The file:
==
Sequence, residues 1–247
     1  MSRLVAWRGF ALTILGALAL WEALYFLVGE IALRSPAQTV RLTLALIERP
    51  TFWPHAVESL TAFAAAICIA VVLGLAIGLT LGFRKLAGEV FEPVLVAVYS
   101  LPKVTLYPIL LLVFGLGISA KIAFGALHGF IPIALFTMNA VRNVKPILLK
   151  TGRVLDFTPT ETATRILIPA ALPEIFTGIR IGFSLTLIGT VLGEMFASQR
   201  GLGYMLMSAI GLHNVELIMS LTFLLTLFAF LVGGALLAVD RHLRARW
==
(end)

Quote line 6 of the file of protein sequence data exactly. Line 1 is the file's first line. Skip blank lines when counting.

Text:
   201  GLGYMLMSAI GLHNVELIMS LTFLLTLFAF LVGGALLAVD RHLRARW